Reel World

Swimming With Sharks
"There's so much more at stake for me than for a guy with a $50 or $60 million film," declares 31-year-old director Matthew Leutwyler, hanging out in a trailer at Green and Battery with two shooting days left on his low-budget feature This Space Between Us. "He'll get another job, no matter what. The risks are much bigger for me."

Maybe so, but the S.F. native beams confidence, not anxiety. His debut, Road Kill, a road movie/dark comedy about a hit woman and the filmmaker recording her last job, cost a piddling $180,000 and has distributors salivating. Even better, Leutwyler admits, "People saw it being edited and immediately wanted to give me money" for his next one. This Space is a romantic comedy with dramatic overtones starring Jeremy Sisto and Poppy Montgomery (plus cameos by singers/actors Kate Donellon of Low Hum Satellite and David Lowery of Cracker) as appropriately quirky S.F. singles.

Also on hand this bright Saturday morning is veteran comedy writer/director Garry Marshall (Pretty Woman), playing a cigar-smoking, know-it-all Hollywood producer. He breezes by Leutwyler's trailer with a warm smile and a self-deprecating joke ("I've got to see my environment. ... It's some-thing I read in a book once"). In a few hours, Marshall and Sisto (pitching an idea that sounds a lot like Road Kill) will nail their scene in three lively, spontaneous takes. For now, chatting quietly in his trailer while his crew prepares the set, Leutwyler seems content to wait patiently -- up to a point. "I feel like I'm way behind," he confides. "I wanted to be where I am right now when I was 23 or 24. I'm in accelerated mode right now in terms of learning. I feel by next fall I could explode with something great."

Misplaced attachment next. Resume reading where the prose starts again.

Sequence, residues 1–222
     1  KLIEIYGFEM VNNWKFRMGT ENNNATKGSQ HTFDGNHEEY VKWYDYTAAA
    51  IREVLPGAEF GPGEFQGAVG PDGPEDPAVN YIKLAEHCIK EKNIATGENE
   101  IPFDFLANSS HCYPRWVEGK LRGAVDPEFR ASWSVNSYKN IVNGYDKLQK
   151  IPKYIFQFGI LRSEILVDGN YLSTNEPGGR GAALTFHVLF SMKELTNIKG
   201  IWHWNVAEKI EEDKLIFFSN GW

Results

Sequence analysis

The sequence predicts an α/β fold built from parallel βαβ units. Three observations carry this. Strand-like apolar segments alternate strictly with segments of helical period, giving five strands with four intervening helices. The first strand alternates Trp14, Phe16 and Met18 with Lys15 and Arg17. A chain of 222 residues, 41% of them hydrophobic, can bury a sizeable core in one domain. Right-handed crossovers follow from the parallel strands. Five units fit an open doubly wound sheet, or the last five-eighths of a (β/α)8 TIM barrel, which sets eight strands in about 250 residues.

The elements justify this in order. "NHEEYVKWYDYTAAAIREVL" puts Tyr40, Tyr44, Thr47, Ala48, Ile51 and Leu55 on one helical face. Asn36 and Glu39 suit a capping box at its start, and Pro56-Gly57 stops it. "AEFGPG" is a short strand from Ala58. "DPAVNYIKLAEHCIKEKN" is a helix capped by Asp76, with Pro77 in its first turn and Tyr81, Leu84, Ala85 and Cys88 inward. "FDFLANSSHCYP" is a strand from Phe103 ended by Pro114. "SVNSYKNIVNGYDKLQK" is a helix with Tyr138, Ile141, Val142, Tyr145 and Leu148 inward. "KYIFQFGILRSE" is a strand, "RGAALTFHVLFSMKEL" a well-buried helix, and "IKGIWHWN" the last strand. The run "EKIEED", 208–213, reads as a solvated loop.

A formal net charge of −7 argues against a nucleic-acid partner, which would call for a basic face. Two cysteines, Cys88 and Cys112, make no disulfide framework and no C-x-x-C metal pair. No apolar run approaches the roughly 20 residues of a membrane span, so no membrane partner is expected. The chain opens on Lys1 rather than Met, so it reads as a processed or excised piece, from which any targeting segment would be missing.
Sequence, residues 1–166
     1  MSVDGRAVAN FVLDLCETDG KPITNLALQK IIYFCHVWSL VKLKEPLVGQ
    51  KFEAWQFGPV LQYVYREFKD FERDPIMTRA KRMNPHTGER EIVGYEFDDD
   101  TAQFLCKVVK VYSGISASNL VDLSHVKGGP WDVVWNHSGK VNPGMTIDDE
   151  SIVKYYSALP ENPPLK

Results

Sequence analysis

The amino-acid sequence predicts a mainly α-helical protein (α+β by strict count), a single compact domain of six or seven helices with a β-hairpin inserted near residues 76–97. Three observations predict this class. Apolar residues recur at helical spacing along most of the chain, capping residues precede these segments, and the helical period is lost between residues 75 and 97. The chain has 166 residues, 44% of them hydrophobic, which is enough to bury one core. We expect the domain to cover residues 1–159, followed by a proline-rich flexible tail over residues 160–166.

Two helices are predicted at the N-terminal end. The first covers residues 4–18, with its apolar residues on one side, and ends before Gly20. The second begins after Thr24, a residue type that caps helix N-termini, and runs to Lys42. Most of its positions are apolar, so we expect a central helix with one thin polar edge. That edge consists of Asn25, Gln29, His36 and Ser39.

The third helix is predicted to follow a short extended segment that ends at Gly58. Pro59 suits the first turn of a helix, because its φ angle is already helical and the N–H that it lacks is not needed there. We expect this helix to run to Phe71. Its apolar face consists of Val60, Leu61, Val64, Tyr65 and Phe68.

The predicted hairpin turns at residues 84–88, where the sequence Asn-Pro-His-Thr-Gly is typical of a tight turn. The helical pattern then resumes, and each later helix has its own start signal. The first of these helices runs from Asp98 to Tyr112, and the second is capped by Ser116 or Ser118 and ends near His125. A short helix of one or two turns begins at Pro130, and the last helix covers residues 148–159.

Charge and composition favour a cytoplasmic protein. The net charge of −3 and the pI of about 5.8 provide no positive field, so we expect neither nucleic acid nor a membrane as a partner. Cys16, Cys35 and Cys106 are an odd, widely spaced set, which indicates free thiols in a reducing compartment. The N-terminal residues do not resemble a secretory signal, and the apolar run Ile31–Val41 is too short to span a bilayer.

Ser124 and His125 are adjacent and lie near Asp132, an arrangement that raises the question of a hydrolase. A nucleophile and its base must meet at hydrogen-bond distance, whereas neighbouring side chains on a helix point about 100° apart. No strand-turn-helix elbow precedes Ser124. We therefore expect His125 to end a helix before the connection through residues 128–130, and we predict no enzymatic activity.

The Sweet Smell of Success
Those fun-loving Dockers Khakis folks have kicked in a few kopecks to sponsor "The Way We Wore: Fashion in Cinema" at the Pacific Film Archive (running occasionally through Aug. 30). The Levi's deal is the first in a series of corporate underwriters whose logos will surface in PFA schedules and ads. ... As "compensation" for his "duties" as "honorary chairman" of last month's Dockers Khakis Classically Independent Film Festival, Francis Ford Coppola's lit mag Zoetrope received a $25,000 "contribution" from the pants people. By way of comparison, the ostensible beneficiary of the festival -- the Film Arts Foundation -- received $29,000 (including three $3,000 grants to produce short films). ... Chronicle film critic Edward Guthmann, the sole champion of foreign films at the celeb-crazy paper, is taking a four-month leave. Bob Graham (listed on the masthead as arts editor) is impersonating a "staff critic" for the duration. Graham's a much deeper thinker than his gossipy, trivial reviews of Six Days, Seven Nights and Gone With the Wind would lead you to believe. But the dictum from above is Dumb It Down.

By Michael Fox

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